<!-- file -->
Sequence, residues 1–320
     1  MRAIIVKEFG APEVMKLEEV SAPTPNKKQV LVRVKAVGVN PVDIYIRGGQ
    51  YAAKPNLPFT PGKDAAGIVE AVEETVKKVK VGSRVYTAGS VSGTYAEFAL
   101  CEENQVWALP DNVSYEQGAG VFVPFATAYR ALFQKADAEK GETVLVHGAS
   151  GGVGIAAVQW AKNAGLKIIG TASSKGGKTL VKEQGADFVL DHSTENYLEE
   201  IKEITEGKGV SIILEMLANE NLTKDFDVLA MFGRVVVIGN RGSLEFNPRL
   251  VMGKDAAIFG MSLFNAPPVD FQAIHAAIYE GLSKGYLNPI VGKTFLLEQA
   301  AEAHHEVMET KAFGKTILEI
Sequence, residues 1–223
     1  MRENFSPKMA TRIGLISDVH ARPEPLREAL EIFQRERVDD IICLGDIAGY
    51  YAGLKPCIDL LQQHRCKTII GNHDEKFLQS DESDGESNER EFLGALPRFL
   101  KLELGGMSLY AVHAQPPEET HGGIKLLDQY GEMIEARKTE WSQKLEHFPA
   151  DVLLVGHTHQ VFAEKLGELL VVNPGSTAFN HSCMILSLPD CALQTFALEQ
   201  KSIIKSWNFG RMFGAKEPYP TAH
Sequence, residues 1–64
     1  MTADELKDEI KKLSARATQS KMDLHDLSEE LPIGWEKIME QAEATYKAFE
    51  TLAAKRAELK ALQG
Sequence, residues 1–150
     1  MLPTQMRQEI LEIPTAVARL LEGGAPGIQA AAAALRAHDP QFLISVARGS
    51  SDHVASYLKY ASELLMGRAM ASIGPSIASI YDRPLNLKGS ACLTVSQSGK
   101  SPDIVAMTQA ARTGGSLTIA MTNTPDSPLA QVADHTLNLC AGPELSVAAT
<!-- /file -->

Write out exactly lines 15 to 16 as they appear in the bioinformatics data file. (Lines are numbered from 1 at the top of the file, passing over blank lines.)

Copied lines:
Sequence, residues 1–64
     1  MTADELKDEI KKLSARATQS KMDLHDLSEE LPIGWEKIME QAEATYKAFE